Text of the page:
A biometric bracelet program known as “AVA-GAPP” was recently rolled out in Liechtenstein to determine if the bracelets supplied by Swiss fertility start-up Ava, are capable of forecasting COVID-19 pre-symptomatic cases. The trial is conducted on 2,200 voluntary participants and the data amassed is pseudonymized.    

Wrapping Up

While wearable devices are the new answer to COVID-19, these devices also come with a host of other problems, which might weaken the sole objective of their adoption. Despite a widespread uptake of wearable technology, getting people acclimatized to this technology still remains a hurdle for the industry to cross. According to Accenture’s (ACN - Free Report) report, the use of wearable technology for health management now stands at 18%, down from 33% registered in 2018.

It is also important to consider the long-term impact of such protective equipment. Strikingly, wearable devices can potentially distract employees, just like social media platforms, as these devices have internet access or appear as a cool piece of kit to play with. Their size and limited battery capacity are concerns too. Some devices like Fitbit’s trackers have a longer battery life compared to more advanced gizmos like Apple’s (AAPL - Free Report) watch series. Even though fitness trackers are available at cheaper rates, those proving to be truly effective are often expensive. Accuracy also remains an obstacle to remote monitoring.

But the worst demerit is the privacy issue. Data gathered by wearables must be kept safe. Although personalized data generated from these devices is allowing informed decision making by doctors, such data is of great value to hackers who can sell or use the same for their vested interest. People will also not feel normal being tracked everywhere.

Finallly, brushing aside all shortcomings, efficacy of wearable technology should justify its speedy deployment. Although using wearable tech in predicting coronavirus by diagnosing vital symptoms is an attractive prospect, GlobalData foresees a long road ahead of these devices before they are put to use for reaping benefits. With wearables witnessing a spike in usage and sensing investors’ strong appetite for stocks in that space, we present three companies, each currently carrying a Zacks Rank #3 (Hold) that investors should watch out for.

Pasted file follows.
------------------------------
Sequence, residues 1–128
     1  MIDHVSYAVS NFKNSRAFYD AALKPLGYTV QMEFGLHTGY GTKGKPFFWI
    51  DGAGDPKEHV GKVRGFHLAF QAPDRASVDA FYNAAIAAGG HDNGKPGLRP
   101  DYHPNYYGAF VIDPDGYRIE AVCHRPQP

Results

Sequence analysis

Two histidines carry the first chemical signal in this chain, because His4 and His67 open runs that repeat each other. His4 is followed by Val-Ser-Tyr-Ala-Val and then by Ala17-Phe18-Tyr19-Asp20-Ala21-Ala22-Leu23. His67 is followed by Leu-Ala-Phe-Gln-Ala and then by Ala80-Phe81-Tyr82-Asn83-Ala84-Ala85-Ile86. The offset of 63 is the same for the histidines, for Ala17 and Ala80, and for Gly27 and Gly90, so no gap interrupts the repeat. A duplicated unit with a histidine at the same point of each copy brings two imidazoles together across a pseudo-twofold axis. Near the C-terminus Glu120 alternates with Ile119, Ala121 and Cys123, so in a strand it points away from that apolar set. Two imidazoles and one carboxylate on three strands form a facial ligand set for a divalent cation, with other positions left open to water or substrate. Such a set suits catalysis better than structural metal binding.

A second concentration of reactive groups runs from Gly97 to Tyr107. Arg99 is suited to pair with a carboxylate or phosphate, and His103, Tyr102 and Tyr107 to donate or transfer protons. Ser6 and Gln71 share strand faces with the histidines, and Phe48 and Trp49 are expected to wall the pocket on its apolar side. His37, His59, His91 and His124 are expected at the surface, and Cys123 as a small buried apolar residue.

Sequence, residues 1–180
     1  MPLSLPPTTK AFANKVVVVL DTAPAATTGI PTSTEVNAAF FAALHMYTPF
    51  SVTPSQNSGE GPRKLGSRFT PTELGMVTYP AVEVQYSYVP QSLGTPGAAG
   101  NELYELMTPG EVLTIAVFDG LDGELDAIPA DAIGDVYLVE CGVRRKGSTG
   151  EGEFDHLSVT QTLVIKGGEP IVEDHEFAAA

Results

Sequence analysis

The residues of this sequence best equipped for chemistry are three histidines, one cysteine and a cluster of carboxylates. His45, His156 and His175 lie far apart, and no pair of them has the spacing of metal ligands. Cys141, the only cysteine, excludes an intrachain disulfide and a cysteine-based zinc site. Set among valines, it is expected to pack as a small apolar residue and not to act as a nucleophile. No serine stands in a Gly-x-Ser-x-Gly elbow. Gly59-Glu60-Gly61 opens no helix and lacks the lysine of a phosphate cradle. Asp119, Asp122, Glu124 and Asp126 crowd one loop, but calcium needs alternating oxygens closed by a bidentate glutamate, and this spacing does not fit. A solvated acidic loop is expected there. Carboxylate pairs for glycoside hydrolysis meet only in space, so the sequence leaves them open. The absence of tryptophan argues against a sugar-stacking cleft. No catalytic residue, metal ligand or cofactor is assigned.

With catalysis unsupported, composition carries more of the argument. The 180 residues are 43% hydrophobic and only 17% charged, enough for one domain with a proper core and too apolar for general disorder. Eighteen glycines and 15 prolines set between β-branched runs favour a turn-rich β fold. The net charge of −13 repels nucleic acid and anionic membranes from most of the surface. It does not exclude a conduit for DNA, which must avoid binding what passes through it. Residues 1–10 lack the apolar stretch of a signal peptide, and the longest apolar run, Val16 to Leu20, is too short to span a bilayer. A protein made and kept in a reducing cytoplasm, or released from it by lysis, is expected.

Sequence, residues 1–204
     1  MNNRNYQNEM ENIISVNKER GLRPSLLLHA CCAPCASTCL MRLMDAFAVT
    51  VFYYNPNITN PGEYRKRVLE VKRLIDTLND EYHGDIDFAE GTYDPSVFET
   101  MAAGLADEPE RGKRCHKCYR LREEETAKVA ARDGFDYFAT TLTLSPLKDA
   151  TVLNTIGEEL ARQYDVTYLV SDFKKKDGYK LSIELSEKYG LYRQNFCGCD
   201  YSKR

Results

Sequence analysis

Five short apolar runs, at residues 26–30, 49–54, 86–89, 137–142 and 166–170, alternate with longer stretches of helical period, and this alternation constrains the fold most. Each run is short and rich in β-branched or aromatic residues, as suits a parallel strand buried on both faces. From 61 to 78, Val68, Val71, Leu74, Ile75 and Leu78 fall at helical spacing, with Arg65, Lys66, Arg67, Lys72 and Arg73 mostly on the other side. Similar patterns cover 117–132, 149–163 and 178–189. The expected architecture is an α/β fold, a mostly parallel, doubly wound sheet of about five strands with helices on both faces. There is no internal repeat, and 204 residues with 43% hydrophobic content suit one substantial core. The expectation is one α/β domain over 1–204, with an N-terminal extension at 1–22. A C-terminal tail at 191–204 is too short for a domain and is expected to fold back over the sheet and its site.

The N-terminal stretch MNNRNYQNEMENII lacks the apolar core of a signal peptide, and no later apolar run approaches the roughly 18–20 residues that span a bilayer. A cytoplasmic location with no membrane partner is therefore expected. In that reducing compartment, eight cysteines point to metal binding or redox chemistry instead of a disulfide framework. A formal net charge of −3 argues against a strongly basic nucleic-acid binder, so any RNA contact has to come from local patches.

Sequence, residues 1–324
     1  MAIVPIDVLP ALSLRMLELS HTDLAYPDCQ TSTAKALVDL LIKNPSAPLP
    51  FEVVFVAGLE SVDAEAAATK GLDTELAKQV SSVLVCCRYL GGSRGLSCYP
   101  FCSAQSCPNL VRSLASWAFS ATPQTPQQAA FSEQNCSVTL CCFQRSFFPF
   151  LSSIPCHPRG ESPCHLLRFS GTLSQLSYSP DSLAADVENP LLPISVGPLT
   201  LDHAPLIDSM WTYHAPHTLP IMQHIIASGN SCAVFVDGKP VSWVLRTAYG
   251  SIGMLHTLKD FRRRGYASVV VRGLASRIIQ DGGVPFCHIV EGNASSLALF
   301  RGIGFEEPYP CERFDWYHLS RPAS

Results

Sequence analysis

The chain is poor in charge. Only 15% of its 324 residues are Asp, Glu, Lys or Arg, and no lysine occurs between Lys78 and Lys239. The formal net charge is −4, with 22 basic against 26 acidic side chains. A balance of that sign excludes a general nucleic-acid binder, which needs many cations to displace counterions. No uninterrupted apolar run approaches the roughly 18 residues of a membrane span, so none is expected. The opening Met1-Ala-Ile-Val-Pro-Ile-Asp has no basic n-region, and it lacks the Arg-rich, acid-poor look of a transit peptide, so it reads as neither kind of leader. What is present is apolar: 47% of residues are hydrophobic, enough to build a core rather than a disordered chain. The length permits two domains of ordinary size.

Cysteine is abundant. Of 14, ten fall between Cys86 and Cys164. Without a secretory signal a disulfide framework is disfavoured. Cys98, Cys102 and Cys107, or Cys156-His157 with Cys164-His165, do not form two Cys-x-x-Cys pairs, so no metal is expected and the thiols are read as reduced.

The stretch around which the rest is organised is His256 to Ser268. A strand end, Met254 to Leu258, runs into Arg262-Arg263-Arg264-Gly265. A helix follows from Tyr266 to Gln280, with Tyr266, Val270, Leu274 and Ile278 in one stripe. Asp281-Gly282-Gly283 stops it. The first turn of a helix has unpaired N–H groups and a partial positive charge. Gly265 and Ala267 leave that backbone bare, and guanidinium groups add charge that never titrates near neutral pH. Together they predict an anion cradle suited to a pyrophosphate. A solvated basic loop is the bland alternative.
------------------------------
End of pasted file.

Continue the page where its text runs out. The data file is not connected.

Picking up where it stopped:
You can see the complete list of today’s Zacks #1 Rank (Strong Buy) stocks here.

Alphabet Inc. (GOOGL - Free Report) is one of the most innovative companies in the modern technological age. Its strategic move to acquire wearable fitness company Fitbit highlights its focus on the wearables space. The company has a trailing four-quarter positive earnings surprise of 4.85%, on average.

Apple Inc., headquartered in Cupertino, CA, expects Services and Wearables businesses to drive its top line in fiscal 2020 and beyond. A solid uptake of Apple Watch also helped Apple strengthen its presence in the personal health monitoring space. The company has a trailing four-quarter positive earnings surprise of 10.61%, on average.

Garmin Ltd. (GRMN - Free Report) is benefiting from solid momentum across the Fitness and Outdoor segments owing to buoyant demand for advanced wearables and adventure watches. The company has a trailing four-quarter positive earnings surprise of 22.11%, on average.

 

These Stocks Are Poised to Soar Past the Pandemic

The COVID-19 outbreak has shifted consumer behavior dramatically, and a handful of high-tech companies have stepped up to keep America running. Right now, investors in these companies have a shot at serious profits. For example, Zoom jumped 108.5% in less than 4 months while most other stocks were sinking.

Our research shows that 5 cutting-edge stocks could skyrocket from the exponential increase in demand for “stay at home” technologies. This could be one of the biggest buying opportunities of this decade, especially for those who get in early.


See the 5 high-tech stocks now>>